Suzuki Jimny – Back to Basics

Suzuki Jimny – Back to Basics

For the last 40 years, Suzuki has been punting the idea of going “anywhere, anytime” in rugged – yet lightweight – 4×4-enabled vehicles. The Jimny is one such vehicle, launched in the 90’s for the off-road market, and now in its third generation. Having massive success worldwide (more than 3 million Jimny’s sold worldwide), Suzuki Centurion proudly showcases this little package of dynamite, and I was eager to see what the Jimny was all about.

In all honesty, the Jimny isn’t much changed from it’s original appearance, although some aspects of it have been refreshed and modernised (the grille most noticeably). However, the original design was definitely a good one, as the shape is still relevant and pleasing to the eye. The Jimny has a great, tall stance with a ground clearance of 190 mm, and a compact size that makes it ideal to run around town, navigate the traffic and – here’s the kicker – take your adventures off-road.

Off-roading is what the Jimny is famous for, and as I settle in the vehicle, I note the stark lack of techno-overload which is so prevalent in other vehicles these days: there is no infotainment system, and there are definitely not a hundred different knobs and buttons to decipher. The dash is logically and solidly laid out with the necessities, a well-designed cluster is large and easy to read at a glance, and the basic luxuries are happily, in place: this includes electric windows, mirrors and power door locks, as well as power steering, aircon and high-power ABS braking. The cockpit, and cabin as a whole, it neat, ergonomically designed (with great little space-saving nooks and crannies for storage) and pleasant to be in, thanks to high-quality materials used.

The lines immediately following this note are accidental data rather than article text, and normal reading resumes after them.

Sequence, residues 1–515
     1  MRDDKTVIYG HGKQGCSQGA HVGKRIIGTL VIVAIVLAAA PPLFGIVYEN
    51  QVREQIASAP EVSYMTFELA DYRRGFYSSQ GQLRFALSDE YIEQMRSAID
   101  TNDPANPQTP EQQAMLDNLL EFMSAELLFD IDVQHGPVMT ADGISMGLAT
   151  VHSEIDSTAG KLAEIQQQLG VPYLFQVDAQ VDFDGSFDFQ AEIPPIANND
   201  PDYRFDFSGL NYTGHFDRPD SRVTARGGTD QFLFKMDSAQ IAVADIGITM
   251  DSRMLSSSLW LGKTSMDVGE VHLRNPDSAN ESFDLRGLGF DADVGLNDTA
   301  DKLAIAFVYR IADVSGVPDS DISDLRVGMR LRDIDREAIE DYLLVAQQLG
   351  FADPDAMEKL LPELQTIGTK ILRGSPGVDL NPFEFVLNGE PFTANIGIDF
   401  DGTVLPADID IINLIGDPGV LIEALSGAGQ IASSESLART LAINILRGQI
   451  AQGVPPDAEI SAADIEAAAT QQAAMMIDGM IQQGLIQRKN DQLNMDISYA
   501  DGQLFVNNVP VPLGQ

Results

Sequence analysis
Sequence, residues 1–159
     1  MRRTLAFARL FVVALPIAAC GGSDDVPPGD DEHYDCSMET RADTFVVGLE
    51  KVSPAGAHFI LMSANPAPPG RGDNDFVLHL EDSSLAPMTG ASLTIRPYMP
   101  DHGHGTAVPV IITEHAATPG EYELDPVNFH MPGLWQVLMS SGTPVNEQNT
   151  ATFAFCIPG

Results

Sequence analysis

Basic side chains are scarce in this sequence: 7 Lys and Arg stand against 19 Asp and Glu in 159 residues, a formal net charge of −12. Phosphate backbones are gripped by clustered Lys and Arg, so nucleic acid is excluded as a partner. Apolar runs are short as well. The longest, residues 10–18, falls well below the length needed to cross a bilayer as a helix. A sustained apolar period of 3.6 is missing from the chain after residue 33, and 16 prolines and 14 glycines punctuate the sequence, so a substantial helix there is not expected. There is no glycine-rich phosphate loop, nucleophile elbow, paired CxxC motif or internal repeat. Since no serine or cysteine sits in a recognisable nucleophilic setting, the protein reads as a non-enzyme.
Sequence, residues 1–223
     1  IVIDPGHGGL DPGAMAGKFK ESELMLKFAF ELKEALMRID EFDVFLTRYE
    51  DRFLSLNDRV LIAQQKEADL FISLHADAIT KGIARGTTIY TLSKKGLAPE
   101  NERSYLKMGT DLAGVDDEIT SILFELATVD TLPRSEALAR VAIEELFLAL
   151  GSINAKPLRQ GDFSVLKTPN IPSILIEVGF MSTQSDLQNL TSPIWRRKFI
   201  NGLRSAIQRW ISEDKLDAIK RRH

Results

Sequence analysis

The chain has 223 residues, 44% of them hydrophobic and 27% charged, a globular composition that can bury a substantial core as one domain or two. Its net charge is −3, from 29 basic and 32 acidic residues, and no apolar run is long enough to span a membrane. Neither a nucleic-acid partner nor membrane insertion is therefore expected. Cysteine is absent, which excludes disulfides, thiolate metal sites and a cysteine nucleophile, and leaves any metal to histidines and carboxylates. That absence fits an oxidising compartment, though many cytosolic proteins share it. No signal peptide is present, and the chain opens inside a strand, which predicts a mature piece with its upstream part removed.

Due to it’s high-stance, sitting in the driver’s seat gives a great sense of visibility all-round – the windows also feel large and make the interior feel and spacious. Despite the compact size, I am not squashed or uncomfortable, and have more than enough head and leg room. The rear seats also fold down (50/50) to increase boot space, I am told by the team at Suzuki Centurion.

I am here to check out the Jimny’s legendary off-roading prowess, though, so I crank up the 1.3 litre, 16-valve V/IT engine and set off. Pushing out 110 Nm torque, the Jimny is quick to heed my urging to accelerate. One thing truly stands out for me with the Jimny; the return to the original idea of off-roading and roughing-it, and really just tackling the great outdoors is what this vehicle is built for. It doesn’t soft-soap or sugar-coat the rougher terrain – it tackles it head on with remarkable agility and confidence. Switching to 4×4 mode at the touch of a button, the diver can choose 4×4 with high gear-ratios, or 4×4 with low gear-ratios when you really need to bundu-bash. Throughout this entire experience, one thing remained constant: as the driver, I felt in total and complete control of the Jimny. Great feedback, great responsiveness and great agility really blew me away with this spritely little off-roader, and when I returned it, could honestly testify to being thoroughly impressed.

I was delighted to return to the basics of solid, reliable motoring with the Jimny. I find that sometimes the overwhelming amount of technological features can blind-side the buyer to the genuine quality of the vehicle, and when it comes to Suzuki as a brand, this is definitely their strong point: quality, reliability and affordability, all rolled into one amazing little Jimny-package. The link to the superb Suzuki Centurion dealership

 

By Desh Bechan